Lockdowns and the cancellation of sporting events have wreaked havoc on the sports betting industry, says Julia Logan. But operators are adapting in a bid to protect their revenues
With the coronavirus limiting everybody’s activities, many industries have taken a hit. One of the industries suffering heavily is sports betting.
Most sporting events are no longer taking place so there is nothing for punters to bet on, causing a loss of business for bookmakers, both online and offline.
Google Trends shows a drastic drop in global interest in the topic in March:
In the UK, the trend is similar, with search interest being at the lowest level for the last five years:
This change in interest has, however, hardly been reflected in the SERPs – we still see all the same elements and even the same sites ranking as before the lockdowns:
Some of the current sports betting-related news stories appearing in these SERPs tell a sad tale of the industry’s suffering, but apart from their inclusion, not much is different.
Little has changed in terms of which sites are ranking – below we compare the top 20 results as of March 1 compared with the current top 20 results:
Historically, this comparison displays a lot less volatility in the SERPs than is typical for this particular vertical.
Below is the ranking graph of the current top 10 sites over the last five years, clearly showing that the sites ranking highly today have dropped out of the top 10 completely a number of times in the past:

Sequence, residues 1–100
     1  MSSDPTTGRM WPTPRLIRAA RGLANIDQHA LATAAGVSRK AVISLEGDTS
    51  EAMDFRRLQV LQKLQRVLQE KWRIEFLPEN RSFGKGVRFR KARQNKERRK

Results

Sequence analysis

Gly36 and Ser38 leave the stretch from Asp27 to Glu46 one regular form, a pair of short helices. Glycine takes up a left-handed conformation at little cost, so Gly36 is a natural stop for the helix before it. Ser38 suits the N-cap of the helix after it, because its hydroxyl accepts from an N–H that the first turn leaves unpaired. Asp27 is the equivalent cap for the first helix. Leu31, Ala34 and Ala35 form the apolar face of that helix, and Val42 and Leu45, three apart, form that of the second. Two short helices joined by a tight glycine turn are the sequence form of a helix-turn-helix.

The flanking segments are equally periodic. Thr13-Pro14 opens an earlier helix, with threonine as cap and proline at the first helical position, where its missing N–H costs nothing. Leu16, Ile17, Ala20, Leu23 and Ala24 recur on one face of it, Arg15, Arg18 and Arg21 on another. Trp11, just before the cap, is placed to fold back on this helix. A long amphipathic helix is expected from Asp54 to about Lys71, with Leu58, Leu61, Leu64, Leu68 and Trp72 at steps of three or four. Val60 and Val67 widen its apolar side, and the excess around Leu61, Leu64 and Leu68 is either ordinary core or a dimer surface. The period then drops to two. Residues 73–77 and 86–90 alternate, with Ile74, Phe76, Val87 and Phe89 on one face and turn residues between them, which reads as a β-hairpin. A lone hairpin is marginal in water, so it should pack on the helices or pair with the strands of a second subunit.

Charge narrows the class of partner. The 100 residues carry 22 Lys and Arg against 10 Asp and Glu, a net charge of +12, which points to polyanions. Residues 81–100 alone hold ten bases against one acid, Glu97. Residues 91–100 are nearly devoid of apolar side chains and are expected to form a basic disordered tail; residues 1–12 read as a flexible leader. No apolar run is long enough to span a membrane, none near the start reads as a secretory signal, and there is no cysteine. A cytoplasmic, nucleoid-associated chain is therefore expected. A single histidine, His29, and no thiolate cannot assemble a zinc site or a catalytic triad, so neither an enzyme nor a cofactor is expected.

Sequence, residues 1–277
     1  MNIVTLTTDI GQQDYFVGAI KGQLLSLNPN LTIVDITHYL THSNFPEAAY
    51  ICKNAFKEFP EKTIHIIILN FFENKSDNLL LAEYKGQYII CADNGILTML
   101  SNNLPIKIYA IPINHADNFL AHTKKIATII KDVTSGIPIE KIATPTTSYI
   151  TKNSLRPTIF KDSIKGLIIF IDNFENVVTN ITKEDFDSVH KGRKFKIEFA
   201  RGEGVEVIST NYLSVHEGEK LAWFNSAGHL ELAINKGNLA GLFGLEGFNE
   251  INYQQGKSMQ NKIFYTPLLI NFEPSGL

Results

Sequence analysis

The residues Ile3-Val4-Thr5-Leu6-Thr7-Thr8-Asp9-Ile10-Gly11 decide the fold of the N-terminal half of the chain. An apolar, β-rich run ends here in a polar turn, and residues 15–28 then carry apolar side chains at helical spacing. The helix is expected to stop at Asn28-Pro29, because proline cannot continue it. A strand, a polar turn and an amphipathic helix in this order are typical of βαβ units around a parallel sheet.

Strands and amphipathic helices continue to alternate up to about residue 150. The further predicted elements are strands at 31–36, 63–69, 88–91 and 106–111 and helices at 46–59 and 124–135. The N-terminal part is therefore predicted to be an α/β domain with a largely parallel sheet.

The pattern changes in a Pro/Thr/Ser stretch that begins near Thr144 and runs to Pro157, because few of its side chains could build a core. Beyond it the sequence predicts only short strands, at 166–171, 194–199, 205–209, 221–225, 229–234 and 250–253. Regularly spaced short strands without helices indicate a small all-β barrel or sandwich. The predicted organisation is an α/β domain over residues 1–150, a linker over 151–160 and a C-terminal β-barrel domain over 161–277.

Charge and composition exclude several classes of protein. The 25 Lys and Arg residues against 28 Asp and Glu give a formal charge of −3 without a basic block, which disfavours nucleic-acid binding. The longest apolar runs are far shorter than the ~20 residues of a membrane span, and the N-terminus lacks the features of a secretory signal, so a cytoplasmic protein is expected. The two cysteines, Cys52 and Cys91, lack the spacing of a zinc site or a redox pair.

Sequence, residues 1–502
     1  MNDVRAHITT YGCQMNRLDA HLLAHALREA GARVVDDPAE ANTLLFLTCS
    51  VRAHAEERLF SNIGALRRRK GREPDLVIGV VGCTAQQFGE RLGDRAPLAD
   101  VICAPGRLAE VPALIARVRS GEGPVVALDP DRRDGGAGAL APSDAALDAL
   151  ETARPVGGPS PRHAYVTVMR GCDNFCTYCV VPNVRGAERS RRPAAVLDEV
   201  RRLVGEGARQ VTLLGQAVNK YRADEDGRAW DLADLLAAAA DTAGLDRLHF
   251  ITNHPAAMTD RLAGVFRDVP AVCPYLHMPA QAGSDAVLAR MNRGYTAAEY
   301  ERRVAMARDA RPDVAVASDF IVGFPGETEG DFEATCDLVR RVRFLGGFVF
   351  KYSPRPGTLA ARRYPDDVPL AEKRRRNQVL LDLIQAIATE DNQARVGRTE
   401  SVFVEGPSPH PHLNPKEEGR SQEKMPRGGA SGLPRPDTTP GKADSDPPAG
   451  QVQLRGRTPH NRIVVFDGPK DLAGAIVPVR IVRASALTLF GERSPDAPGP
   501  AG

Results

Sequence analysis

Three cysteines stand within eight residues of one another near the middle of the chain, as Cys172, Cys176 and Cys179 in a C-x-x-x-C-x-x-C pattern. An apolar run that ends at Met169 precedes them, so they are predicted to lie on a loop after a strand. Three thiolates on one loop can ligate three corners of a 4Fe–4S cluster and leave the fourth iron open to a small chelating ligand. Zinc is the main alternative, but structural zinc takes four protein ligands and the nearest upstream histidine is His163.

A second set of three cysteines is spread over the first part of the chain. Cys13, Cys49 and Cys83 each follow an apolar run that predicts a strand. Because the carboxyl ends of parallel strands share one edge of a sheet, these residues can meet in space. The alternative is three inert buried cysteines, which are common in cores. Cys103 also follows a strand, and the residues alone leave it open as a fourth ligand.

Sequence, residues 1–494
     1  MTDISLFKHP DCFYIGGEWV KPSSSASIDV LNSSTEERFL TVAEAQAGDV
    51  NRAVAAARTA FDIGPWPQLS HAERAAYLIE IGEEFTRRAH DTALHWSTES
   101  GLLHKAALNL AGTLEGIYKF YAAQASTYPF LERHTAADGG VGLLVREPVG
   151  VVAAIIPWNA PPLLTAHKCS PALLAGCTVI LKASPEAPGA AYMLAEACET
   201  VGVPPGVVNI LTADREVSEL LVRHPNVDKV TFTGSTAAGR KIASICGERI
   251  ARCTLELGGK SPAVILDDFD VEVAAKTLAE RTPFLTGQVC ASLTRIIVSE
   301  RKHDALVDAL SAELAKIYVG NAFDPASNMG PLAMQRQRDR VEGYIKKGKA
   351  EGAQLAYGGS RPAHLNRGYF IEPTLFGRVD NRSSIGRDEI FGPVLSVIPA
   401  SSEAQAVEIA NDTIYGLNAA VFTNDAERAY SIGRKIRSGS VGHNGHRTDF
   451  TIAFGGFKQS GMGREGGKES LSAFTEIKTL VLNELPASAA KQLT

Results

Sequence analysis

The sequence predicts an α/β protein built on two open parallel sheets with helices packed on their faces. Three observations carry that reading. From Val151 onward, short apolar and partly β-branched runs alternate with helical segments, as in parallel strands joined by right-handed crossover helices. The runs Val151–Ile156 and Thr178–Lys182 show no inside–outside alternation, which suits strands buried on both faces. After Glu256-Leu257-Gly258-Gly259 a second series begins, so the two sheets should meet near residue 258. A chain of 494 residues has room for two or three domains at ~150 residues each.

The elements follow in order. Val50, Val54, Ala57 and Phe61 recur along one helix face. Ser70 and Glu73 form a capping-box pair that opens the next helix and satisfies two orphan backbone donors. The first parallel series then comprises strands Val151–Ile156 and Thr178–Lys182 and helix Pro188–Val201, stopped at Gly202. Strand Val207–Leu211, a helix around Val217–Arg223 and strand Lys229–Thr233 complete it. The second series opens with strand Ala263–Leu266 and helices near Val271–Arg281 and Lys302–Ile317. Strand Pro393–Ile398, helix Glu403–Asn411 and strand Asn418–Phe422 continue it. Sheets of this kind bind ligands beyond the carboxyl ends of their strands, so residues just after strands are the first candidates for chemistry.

What really seems odd at the current time is the number of sites that are still running paid ads even though they can barely monetise that traffic now:
As per Betfair’s sportsbook page, the only three countries where football games are still taking place are Belarus, Nicaragua and Taiwan:
Of course, many online betting brands also have online casino, bingo and poker offerings, often even on the same site, but it’s unclear how enticing these are, even in the current circumstances, to a typical sports bettor.
What has been interesting to note is the rise of virtual sporting events and esports. Many betting sites are currently featuring esports quite prominently. For example, here is 888 Sport’s homepage:
Along with the rise of esports, virtual sports-related betting is another obvious replacement for live sports betting, as this rising coronavirus betting query shows:
Overall, it seems clear the betting industry is adapting to the current crisis and who knows, it may even push the industry towards further innovation.
Julia Logan is an SEO consultant at irishwonder.com. Her specialities include on-site/technical SEO and SEO security audits, link profile audits, reputation management, negative SEO investigations and private network consulting.